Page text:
385. Memorandum From the Administrator of the National Aeronautics and Space Administration (Webb) to the Deputy Under Secretary of State for Political Affairs (Johnson) and the President’s Special Assistant for National Security Affairs (Bundy)1

As you know, the last Project Mercury flight is behind us, and we may have upwards of a year before our next manned flight which will occur in the Gemini program. In the interval, we will be conducting unmanned Gemini flights and frequent scientific and vehicle development flights. At the same time, we are conscious that there is overseas a great reservoir of good will toward our astronauts. Putting these two considerations together, there may be advantages in the near future to sending a small team of NASA astronauts, scientists, and technicians abroad to convey directly and by personal appearances to other nations the character and results of the U.S. manned flight program and to afford our friends overseas an opportunity for the expression of their good will.

The format which suggests itself to us for such a team effort is quite different from the parade and publicity type tours of the Soviet cosmonauts and would be designed to emphasize the seriousness, openness, and carefully balanced character of U.S. space activities. We have in mind the following approach: We would establish some reasonable but limited objective for a single visit abroad, such as interest in inspecting the San Marco platform now being prepared by Italy for launching of an equatorial satellite. We would then contact appropriate European agencies with which we regularly deal to apprise them of the possibility of [Page 878] such a visit and of the availability of the visiting team for one or more de-briefings on the manned flight program and its place in our total space effort. These first contacts would seek to arrange for proper forums under appropriate sponsorship in each area where a stopover might be made (e.g., Madrid, Rome, Paris). The central element of each stopover would be a responsible professional report, followed by extensive questions and answers. Undoubtedly, there would be occasion for public appearances of a more visible character by the astronauts in conjunction with each stopover, and we would endeavor to accommodate a reasonable number.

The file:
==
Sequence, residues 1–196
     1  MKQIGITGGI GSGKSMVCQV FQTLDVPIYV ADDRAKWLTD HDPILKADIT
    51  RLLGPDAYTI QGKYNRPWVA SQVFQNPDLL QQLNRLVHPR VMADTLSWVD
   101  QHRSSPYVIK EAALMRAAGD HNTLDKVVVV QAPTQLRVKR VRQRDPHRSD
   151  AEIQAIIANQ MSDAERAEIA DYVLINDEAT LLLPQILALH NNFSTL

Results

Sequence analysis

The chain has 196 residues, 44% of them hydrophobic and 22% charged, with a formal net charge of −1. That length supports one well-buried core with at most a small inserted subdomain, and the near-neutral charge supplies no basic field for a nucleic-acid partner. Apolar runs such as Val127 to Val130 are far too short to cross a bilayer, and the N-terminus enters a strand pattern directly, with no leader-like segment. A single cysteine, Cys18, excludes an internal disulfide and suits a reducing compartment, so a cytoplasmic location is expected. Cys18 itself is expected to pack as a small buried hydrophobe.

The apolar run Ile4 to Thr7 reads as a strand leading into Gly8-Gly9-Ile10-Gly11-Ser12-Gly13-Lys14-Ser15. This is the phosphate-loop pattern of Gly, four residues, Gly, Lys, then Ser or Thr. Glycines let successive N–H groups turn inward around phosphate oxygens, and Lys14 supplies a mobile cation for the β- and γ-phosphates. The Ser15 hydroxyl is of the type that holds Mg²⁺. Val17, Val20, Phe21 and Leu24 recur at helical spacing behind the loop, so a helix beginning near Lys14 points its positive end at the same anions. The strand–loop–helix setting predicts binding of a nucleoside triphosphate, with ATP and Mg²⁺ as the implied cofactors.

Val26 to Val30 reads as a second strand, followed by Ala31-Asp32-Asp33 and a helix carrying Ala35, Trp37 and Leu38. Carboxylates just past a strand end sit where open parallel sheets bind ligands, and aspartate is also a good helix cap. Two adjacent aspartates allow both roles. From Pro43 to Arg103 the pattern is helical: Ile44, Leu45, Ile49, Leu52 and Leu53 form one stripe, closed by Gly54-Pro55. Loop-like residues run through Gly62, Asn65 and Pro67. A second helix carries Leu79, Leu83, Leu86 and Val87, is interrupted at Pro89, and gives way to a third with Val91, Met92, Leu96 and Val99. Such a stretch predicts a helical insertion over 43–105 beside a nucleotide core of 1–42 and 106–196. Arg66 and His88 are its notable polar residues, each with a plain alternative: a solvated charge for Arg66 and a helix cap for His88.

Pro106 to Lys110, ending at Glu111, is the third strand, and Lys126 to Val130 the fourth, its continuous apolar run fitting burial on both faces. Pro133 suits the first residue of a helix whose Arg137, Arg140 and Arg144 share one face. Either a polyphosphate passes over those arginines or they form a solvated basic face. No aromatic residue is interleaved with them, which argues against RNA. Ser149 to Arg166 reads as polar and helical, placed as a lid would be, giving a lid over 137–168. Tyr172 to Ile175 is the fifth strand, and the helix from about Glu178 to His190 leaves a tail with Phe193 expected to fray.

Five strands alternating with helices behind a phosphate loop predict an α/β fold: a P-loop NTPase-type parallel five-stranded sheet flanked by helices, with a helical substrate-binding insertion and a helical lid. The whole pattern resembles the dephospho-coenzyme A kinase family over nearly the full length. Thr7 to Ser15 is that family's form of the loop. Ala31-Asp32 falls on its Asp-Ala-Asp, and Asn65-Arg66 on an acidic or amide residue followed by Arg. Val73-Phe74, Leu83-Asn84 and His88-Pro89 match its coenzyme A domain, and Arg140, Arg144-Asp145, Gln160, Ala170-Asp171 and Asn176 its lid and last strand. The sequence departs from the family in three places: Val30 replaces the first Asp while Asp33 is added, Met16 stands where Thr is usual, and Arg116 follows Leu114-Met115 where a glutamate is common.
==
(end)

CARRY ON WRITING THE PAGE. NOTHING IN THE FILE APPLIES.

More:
The details can be arranged following a judgment that an initial trip is indeed desirable, but it may help to provide a few illustrations to facilitate consideration of the matter. The team would involve one or two astronauts and a supporting group of perhaps half-a-dozen persons, including an engineer, aeromedic and scientist, as well as support personnel. (Colonel Glenn would be available and is anxious to contribute to an effort of this kind.) Three to five days could be devoted to each country, with travel by commercial or special aircraft, with a total cost of $15–25,000 per country. For reasons which are indicated below, the timing would be as soon after the first of the coming year as feasible.

In the interests of a balanced final judgment, I would point out that we do not have new material in the area of manned space flight beyond what has already been published or reported in this country and that, as here, there are elements of the scientific community abroad with only limited interest and sympathy for manned space flight. And we always run the risk of a Soviet space spectacular occurring between the planning and execution of a trip such as this. However, bringing the Mercury story graphically into foreign countries, with questions and answers in depth, may be counted upon to attract wide interest, to discharge our obligations to share data, and to help educate the foreign scientific community in the values of manned space flight. A short trip would reduce the hazard of coincidence with a major Soviet spectacular.

I would appreciate your comments on the prospect suggested here. If positive, we will proceed to provide a detailed prospectus and develop, discreetly, the necessary interest and preparations abroad. In this connection, the assistance of the Science Attaches abroad would be most helpful.

James E. Webb
  1. Source: National Archives and Records Administration, RG 59, Central Files 1960–63, SP 10 US/MERCURY. Confidential. A copy was sent to USIA Director Edward R. Murrow.